*/**** Image D Sound D+
starring Dolph Lundgren, Gina Bellman, George Jenesky, Christopher Heyerdahl
screenplay by Sergio Altieri
directed by Russell Mulcahy
by Walter Chaw There was a time, 'round about the cheap thrills of Razorback, that I thought director Russell Mulcahy had a future as an action director. Seventeen years later, the Aussie has proven me wrong by peaking with the intentionally campy The Shadow and the unintentionally campy Highlander. And while Silent Trigger isn't the worst of Mulcahy's missteps (Highlander II: The Quickening has a hammerlock on several "worst" titles), it's not for lack of trying. Still, I can't completely dislike both Dolph Lundgren and Mulcahy's latest direct-to-video disaster because I feel as though watching it has taught me a few things.
It's taught me that even a boondoggle like Assassins can inspire a non-pornographic knock-off, that when a helicopter pilot gets shot in the head his helicopter will smoke, and that if digital matte technology looks bad enough, it starts to resemble rotoscope animation. I learned that ten minutes of fairly well-executed and bloody violence will earn the worst of films a star from me, that ridiculous sex scenes become cosily surreal when intercut with war scenes, and that I wasn't completely wrong about Mulcahy way back when--the man has something of an innate flair with the camera. It's just a shame that his latest assignments have mainly been to zoom in on Lundgren or Jason Scott Lee's muscles while they operate some kind of pumping device. It's homoerotoriffic.
Waxman (Lundgren) is a master assassin for shadow organization The Agency and Clegg (Gina Bellman) is his "spotter" ("There he is, shoot him"). Naturally, Waxman develops morals about his occupation (see also: The Killer), and when a big hit staged in the same decrepit church as the one in Assassins goes awry...well, nothing. We flash forward an unspecified number of years to another assignment that begins with Clegg infiltrating a painting of a building under construction and teaming up again with Waxman. For a little manufactured tension, a couple of ridiculous security guards (George Jenesky and Christopher Heyerdahl, who somehow ends up walking around with a toilet for ten fun-filled minutes) stalk the pair as they wait for their target.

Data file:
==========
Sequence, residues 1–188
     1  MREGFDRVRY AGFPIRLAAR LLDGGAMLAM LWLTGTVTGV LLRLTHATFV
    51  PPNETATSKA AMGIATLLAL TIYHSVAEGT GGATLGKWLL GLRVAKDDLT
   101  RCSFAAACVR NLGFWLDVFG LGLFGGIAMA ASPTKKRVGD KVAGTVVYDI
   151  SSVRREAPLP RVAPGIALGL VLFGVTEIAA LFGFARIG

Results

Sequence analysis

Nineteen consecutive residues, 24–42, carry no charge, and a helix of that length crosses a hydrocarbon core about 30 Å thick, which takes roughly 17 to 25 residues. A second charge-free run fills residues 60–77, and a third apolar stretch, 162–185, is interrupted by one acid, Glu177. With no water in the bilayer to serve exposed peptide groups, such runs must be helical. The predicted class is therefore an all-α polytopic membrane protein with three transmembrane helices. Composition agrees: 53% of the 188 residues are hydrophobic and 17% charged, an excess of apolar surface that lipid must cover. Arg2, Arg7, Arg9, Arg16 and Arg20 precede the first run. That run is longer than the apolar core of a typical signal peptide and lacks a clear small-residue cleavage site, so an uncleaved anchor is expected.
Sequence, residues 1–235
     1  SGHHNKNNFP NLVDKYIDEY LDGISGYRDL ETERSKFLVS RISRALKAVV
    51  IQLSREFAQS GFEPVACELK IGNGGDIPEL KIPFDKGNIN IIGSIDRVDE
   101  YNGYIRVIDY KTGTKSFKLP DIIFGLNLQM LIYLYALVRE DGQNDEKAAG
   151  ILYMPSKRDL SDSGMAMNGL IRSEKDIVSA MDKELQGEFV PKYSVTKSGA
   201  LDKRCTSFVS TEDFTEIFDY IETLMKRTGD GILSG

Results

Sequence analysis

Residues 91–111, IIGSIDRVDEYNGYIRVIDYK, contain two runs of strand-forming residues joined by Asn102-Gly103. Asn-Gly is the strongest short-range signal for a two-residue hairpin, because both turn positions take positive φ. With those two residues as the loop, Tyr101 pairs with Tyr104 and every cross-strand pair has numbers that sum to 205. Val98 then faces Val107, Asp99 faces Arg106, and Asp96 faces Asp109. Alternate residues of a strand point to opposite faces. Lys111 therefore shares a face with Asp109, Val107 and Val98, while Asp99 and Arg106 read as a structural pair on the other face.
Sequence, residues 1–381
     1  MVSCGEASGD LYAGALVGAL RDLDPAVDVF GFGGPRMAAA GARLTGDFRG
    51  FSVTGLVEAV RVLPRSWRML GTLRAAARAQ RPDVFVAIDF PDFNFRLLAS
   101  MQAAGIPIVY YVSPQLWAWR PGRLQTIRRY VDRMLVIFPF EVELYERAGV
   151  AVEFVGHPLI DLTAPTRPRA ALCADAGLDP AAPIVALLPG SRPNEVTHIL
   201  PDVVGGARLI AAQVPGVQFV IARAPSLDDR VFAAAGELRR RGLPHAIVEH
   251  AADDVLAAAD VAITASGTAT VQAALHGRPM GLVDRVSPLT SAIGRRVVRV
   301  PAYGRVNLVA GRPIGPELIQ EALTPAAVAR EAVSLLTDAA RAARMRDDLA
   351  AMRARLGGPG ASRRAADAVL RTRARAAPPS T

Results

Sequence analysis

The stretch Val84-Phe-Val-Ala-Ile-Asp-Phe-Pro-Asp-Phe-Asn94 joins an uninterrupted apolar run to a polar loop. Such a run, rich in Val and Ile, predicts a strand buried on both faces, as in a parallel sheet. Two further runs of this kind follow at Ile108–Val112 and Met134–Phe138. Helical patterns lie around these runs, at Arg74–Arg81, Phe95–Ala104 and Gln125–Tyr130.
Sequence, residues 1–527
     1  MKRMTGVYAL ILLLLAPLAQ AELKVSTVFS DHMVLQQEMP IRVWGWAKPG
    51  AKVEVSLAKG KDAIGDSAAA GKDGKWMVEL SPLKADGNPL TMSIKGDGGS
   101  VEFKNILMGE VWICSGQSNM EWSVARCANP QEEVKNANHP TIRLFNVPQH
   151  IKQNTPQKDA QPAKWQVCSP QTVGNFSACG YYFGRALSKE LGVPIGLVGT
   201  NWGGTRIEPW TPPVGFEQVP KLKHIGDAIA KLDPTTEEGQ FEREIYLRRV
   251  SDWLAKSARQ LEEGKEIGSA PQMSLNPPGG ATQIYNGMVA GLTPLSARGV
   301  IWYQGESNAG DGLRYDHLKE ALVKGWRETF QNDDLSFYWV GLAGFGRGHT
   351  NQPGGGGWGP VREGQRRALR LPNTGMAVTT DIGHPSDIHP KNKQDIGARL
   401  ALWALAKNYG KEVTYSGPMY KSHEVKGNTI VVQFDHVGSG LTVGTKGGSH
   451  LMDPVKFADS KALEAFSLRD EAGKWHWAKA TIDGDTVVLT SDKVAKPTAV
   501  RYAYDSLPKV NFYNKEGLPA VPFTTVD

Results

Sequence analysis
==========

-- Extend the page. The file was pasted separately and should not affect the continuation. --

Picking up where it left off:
The film utilizes a few pointless flashbacks (which do include a nice throat-slashing and the execution of some Russian peasants), too, interspersed with a huge amount of dead air in which Lundgren again tries to demonstrate range. The winner of the Fulbright Scholarship to MIT in 1983, Lundgren would have better luck convincing of his brilliance if he'd stop agreeing to be in awful movies just because they agree to include a stultifying monologue for him to sombrely butcher.
Silent Trigger is so slipshod and poorly written that it's actually vaguely fun to watch. Consider this beauty:
Clegg: I heard a noise.
Waxman: It's the wind, I learned about the wind.
Clegg: In the war?
It's a collection of asinine moments that rely on happenstance and convenience--a film that desperately hopes you believe it's possible to hide behind a chain-link fence when someone is hunting you, and that the same grating will later shield you from automatic rifle fire. Lundgren is easily the best actor in the cast (easily), a statement as unlikely as it is astonishing, but no less awe-inspiring than the fact that underneath Clegg's fatigues, she's sporting a lacy black Victoria's Secret number. Silent Trigger is a bland bit of cheapo bullroar that seeks to capitalize on the six people in the world with some excitement left for the next Lundgren miscue; despite the few minutes where the squib technicians go nuts, and though it's occasionally hilarious, it's not funny enough to dissuade you from gnawing off your foot in a noble though misguided desire to escape.
Fox DVD's presentation of Silent Trigger is pretty difficult to judge. The source was shot on a surprisingly large (yet fairly modest by comparison to today's blockbusters) ten million dollar budget that simply cannot accommodate the special effects shots and, accordingly, the film looks astonishingly bad. Between this and his movie Tales of The Mummy, Mulcahy has proven beyond all doubt that he has no aptitude when it comes to incorporating CGI work. Though the DVD is panned and scanned from an original aspect ratio of 2.35:1, I can't imagine what might have been lost and likewise can't imagine that the film could be aided by there actually being more of it to look at. (Still, a dispiriting new trend from the big studios. -Ed.) The film has been mastered in Dolby Digital 5.1, but the source is so flat that the mix is more loud than distinct. In other words, the movie is technically and artistically garbage. The DVD features a perfunctory cast and crew biography. Originally published: January 3, 2002.